Product backlogs provide more visual information and accurate information to a team member. The use of backlogs encourage more collaboration and feedback. This feedback can be from technical personal or it can be from any businesses personal. This way everyone can provide their input and make process more clear to everyone. More clarity surely delivers an effective product. A backlog can also help a team member to discuss more about plans and strategy to meet the requirements. So accurate planning leads to full-fill all deadlines in a timely manner. So backlogs play a major role for effective product delivery in a timely manner following Agile Methodology.



  • Agile Teams, Scaled Agile Framework. (2014, July 15). Retrieved September 28, 2014 from:
  • Hoda, R., Noble, J., Marshall, S. (2013) Self-Organizing Roles on Agile Software Development Teams. Software Engineering, IEEE Transactions on (Volume:39 ,  Issue: 3 ) pp. 422 – 444. doi:10.1109/TSE.2012.30
  • The Scrum Backlog, Scrum Basics. (2011, Sep 5). Retrieved September 18, 2014 from:





For every software product/IT solution, there has to be some planning and management activities to be carried out to meet requirements in a timely manner. This activity is called methodology which has seen many changes from the past based on ever changing IT world.

Before going into Agile lets look at few earlier approaches so-called methodologies that major software development companies follow with their brief (kind of dis advantages).

  • Code-and-Fix
    It is a risky methodology in which developer has to code without having a separate design phase. They have to find bugs and then the whole product would get shipped.
  • Waterfall
    In the waterfall model, all the phases are precisely defined and separated. There are mainly 6 stages for the life cycle of software development.
    It is one of the widely used methodology in IT industries. The major drawbacks with this model are difficulty in moving from the current phase to the previous and the isolation between these levels. The following image will illustrate the same.


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  • The spiral model
    It is an incremental and iterative approach. Delivering small chunks of code in an incremental manner and planning according to the feedback given on delivery in an iterative manner. The spiral model comes with different vision in software development which is kind of changing the old methodology.

There are many light weight methodologies which were introduced like “Unified Process”,  “Extreme Programming” , “Rapid Application Development”. They all promoted iterative delivery and incremental changes based on feedback. All of the above methodologies gave rise to a new methodology known as “Agile Methodology”, which is more flexible, efficient and team-oriented.
Agile Methodology has a charm of accommodating the requirements that were not discovered before development. It also capitalizes on taking feedback from the delivery and change of design in the next delivery which was not before in conventional methodology.

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Agile methodology can accomplish this kind of things that has high probability in the real world scenario. Also, the interaction of business people and the developers happens on regular basic which clears out the gist of requirement understanding in perspective of a client as well as developers. In agile all the phases of waterfall model are mixed together and performed for each iteration all together.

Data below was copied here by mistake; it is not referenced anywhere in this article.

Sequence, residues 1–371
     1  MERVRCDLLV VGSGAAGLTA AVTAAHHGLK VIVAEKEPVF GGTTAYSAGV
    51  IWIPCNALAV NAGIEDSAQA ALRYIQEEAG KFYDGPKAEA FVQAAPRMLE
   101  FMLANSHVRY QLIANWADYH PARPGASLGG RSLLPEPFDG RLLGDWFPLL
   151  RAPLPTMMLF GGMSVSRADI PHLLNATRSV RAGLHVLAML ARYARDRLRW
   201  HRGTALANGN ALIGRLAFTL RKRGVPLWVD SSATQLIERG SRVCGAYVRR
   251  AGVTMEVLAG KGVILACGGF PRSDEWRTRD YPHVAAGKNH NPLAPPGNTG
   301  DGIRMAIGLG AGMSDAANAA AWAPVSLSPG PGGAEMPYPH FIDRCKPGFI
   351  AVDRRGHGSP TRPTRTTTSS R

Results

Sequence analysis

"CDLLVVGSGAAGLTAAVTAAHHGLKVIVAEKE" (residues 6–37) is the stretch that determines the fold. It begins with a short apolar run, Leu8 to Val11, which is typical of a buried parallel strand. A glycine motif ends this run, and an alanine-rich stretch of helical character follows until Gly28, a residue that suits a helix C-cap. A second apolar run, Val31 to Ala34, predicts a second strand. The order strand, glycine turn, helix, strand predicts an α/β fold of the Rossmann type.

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Due to the flexibility of agile methodology, it is easy to apply in any kind of systems like web application, mobile application, business intelligence systems, life-critical systems, embedded systems, etc. also in the domain like finance, retailers, health care, government, defense, etc. Many companies commonly use selected agile techniques such as unit testing, pair programming, and iterative development even if a complete methodology is not yet embraced.

In conventional methodology, many times the developers are stuck in analysis phase, and they have to wait for it to finish in order to begin development. This “Analysis paralysis” phase is discarded in Agile as development can start while they are gathering requirements. One more thing that comes with Agile is called User Stories which has really made documentation quite an interesting task. In conventional methodology all product with their requirement will have a heap of documents. Agile has reduced the overhead of documentation and maintaining importance at the same level by introducing User Stories. The user stories form a set of work that should be followed in order to complete the development process. User stories are the requirements, descriptions or explanation of feature that a client/customer wants in their product. User stories are kept to be as simple and short as possible.
User stories are of the following form :
Title< a name of the user story> As a <type of user>, I want <some goal> so that <some reason>.
Consider these user stories like sticky notes arranged on the walls. These notes makes everyone to discuss about every feature which according to me is the best efficient way of product/software development.

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In conventional methodology, documentation focus was more on writing them down and keeping them in many forms of files. This became difficult to understand. In Agile, these stories are short and is written in a layman’s language making them easy to understand.


  • Maher, P. (2009). A weaving Agile Software Development Techniques into Traditional Computer Science Curriculum. IEEE Software, pp. 1687–1688. doi:10.1109/ITNG.2009.175
  • Rees, M.J. (2002). A feasible user story tool for software development. IEEE Software, pp. 22–30. doi:10.1109/APSEC.2002.1182972